By: Emeline Denis (OECD On the Level)
Regulatory, supervisory and enforcement authorities all rely on data, internal procedures and working tools, as well as human and other resources. One of the common challenges they all face – albeit to varying degrees – relates to low data quality and time-consuming manual procedures. These challenges are magnified by the increasing volume and frequency of both structured and unstructured data that these authorities need to process. SupTech applications – including those relying on AI – can help authorities address these challenges by automating routine tasks, thus allowing them to focus on activities that require human judgment and expertise, better allocate human resources and reduce costs over time.
SupTech applications evolve along with technological innovations. AI belongs to the latest generation, enabling prescriptive analytics. While AI-based solutions potentially yield the most value for authorities by enabling forward-looking supervision, the use of AI-based applications by supervisory authorities is still at a relatively new and sometimes experimental stage. However, earlier and “less advanced” technologies can still generate sufficient information and substantial efficiency gains to be beneficial as well – especially with respect to enforcement processes.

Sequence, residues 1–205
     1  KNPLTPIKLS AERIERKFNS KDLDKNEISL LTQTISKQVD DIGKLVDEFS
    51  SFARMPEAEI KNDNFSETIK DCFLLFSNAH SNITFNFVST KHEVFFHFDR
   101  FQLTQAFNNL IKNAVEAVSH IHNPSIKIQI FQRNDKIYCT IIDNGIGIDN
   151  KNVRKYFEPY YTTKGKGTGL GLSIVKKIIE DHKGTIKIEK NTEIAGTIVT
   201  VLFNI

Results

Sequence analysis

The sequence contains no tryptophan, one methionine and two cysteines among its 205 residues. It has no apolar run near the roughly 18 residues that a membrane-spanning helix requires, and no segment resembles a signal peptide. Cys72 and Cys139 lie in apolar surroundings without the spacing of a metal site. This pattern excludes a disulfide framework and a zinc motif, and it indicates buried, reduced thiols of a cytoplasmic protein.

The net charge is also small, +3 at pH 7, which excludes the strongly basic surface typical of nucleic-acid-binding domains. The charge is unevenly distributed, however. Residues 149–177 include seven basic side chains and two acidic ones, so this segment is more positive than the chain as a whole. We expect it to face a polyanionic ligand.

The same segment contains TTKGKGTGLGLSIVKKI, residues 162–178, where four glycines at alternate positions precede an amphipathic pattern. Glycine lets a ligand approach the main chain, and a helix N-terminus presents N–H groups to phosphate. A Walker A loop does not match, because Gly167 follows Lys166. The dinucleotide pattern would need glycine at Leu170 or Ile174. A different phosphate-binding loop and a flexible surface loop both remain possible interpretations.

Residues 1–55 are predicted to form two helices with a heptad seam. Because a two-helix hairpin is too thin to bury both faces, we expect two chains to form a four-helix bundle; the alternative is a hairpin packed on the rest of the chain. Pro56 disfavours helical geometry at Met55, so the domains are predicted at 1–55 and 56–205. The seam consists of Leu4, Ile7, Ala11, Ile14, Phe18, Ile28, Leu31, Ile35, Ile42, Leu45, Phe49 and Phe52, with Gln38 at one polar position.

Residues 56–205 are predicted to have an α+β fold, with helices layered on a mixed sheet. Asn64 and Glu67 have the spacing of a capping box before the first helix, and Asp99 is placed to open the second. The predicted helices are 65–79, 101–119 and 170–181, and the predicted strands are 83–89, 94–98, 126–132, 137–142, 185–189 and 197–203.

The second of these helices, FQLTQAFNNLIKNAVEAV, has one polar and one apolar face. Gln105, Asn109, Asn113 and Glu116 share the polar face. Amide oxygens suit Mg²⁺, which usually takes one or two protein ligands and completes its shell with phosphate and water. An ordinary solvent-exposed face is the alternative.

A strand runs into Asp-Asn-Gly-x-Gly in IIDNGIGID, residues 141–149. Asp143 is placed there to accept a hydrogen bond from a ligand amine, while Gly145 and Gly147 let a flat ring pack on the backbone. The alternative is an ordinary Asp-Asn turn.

AI-based tools in the areas of corporate governance, competition and anti-corruption are most commonly applied by supervisory and enforcement authorities to i) enhance their detection capabilities, and ii) increase the efficiency of enforcement actions. These two purposes are not mutually exclusive and should be viewed as intertwined. While the first focuses on enabling the detection of new forms of market manipulation and anti-competitive conduct that analog tools may not be able to detect, the second focuses on efficiency gains enabled by digital technologies in pre-existing enforcement processes…